Local gun stores are noticing an increase in stolen guns accessories, worries about resellers
OGDEN, Utah — A gun store in Ogden is reporting a handful of stolen gun accessories.
Retail Manager Kyle Gammon, with Impact Guns in Ogden, said they started noticing stolen items over the last couple of months when inventory wasn’t lining up.
“Small parts, like hand stops, magazine releases, safety selectors, and things you can easily fit in a pocket,” Gammon said.
Some other items are being carried and concealed out the door stolen, too.
“One was a 15″ handguard for an AR-15 worth right around $207. That’s not an insignificant chunk of change,” Gammon said.
Rolling back security camera footage, they noticed people on camera walking out with items.
In one instance, the whole theft began with a quick trip to the restroom.
“I think he staged in the bathroom, then left, grabbed the item, went right back in, put the packaging in the toilet tank, and I think (he) just hid it under his jacket and immediately walked out,” Gammon said.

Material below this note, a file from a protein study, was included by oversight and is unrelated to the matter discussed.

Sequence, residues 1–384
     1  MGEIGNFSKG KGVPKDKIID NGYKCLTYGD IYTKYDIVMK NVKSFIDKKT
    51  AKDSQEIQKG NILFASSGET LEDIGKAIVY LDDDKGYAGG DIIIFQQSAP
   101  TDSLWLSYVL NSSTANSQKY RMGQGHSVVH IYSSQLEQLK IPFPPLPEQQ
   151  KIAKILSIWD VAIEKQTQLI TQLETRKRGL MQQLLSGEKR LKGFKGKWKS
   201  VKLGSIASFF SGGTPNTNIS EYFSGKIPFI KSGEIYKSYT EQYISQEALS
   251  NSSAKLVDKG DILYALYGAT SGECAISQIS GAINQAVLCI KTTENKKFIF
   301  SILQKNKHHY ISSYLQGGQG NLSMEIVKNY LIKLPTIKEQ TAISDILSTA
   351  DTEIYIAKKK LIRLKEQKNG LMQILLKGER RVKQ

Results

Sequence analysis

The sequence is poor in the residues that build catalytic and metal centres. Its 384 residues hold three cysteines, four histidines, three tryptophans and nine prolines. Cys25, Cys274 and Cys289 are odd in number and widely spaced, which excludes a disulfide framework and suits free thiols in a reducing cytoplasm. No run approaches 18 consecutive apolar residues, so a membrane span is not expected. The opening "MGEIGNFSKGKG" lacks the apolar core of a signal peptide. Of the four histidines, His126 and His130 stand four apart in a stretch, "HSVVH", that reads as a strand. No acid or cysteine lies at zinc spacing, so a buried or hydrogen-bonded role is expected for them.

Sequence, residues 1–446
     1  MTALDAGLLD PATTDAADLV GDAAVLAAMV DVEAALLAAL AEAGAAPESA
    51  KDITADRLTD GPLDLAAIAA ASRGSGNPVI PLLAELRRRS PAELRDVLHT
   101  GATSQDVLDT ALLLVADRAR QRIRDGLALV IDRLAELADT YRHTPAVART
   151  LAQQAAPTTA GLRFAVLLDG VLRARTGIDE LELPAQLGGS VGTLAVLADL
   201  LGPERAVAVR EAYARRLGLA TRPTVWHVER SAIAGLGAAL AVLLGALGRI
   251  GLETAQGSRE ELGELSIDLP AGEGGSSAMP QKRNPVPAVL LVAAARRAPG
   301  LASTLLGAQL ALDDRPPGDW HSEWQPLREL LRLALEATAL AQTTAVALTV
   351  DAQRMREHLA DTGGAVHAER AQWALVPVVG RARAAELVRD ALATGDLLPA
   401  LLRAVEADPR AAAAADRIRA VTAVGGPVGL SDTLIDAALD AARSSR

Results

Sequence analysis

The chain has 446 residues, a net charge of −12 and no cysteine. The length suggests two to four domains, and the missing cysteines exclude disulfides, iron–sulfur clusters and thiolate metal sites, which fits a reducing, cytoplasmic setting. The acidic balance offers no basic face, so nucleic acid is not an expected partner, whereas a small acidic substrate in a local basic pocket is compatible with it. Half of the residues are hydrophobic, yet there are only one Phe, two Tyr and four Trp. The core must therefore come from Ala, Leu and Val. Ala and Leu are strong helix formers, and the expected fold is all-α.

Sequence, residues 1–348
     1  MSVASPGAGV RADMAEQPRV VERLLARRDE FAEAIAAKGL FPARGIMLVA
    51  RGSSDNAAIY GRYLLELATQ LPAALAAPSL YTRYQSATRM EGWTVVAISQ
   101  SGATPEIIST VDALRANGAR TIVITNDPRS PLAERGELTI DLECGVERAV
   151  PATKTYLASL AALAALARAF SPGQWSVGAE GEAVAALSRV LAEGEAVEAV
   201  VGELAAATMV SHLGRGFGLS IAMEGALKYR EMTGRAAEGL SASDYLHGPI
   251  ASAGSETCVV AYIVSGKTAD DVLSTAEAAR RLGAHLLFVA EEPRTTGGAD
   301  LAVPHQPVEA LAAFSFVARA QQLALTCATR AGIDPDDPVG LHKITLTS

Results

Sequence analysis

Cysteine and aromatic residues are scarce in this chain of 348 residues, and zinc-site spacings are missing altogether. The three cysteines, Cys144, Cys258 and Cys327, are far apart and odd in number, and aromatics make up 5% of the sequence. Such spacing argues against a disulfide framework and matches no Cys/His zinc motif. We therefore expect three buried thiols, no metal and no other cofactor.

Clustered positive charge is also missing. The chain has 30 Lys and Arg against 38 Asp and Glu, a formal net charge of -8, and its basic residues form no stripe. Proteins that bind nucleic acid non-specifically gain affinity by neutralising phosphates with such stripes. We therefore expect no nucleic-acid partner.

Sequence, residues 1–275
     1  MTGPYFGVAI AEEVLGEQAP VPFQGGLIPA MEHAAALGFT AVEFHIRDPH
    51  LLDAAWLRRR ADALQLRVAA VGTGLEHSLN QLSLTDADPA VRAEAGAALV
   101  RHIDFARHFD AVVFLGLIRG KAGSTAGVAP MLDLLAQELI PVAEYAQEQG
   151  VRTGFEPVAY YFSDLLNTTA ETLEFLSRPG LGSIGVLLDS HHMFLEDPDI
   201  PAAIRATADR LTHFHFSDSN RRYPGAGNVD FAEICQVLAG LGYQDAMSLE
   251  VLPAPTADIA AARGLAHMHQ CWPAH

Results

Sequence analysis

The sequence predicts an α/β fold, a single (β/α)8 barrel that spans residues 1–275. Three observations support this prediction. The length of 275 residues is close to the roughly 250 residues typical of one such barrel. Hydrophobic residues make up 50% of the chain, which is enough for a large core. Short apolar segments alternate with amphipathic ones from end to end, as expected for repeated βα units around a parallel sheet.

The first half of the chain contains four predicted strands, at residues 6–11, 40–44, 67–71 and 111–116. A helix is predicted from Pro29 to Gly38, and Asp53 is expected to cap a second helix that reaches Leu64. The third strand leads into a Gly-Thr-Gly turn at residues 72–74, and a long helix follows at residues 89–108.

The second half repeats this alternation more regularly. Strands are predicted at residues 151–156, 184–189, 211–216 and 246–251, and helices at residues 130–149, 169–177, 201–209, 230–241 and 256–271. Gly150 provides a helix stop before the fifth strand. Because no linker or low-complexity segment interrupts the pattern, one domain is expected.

Over the last year, the general manager said they’ve seen around a 30% increase in stolen inventory.
So far, the only things stolen have been gun accessories. Some quick math, and the stolen items add up fast.
“Prices for accessories, especially for firearms range anywhere from $20 to several hundred,” Gammon said.
He said before COVID-19 hit, they had at most eight to 10 people in the store. Now with restrictions lifting, more people started coming through the doors, and have ever since.
As for why people may be stealing now, Gammon said it could be people who purchased guns during the pandemic who want to update their gun parts.
For thieves, this means it’s not hard to make a buck, according to Jesse Anderson, the owner of Jesse James Firearms and Clearfield Firearms and Pawn.
“Go to other local gun stores, discount the price, and take them to your local pawn shops,” Anderson said.
Anderson has been working in the gun industry for nearly 40 years.
He said a person could steal items out of a store, take them to a gun show, and go home with cash.
“There are between 10,000 to 15,000 people that go through our gun shows. There are not only the dealers set up on the tables, but the regular individuals walking around and selling their own products. They’re just hand carrying a duffel bag, liquidating their own product, and at that point, you really don’t know if it’s stolen or not,” Anderson said.
He said the chances of seeing a stolen product with no serial number on it again are highly unlikely.
“It’s like throwing a rock in a river. You’re probably never going to see it again,” Anderson said.
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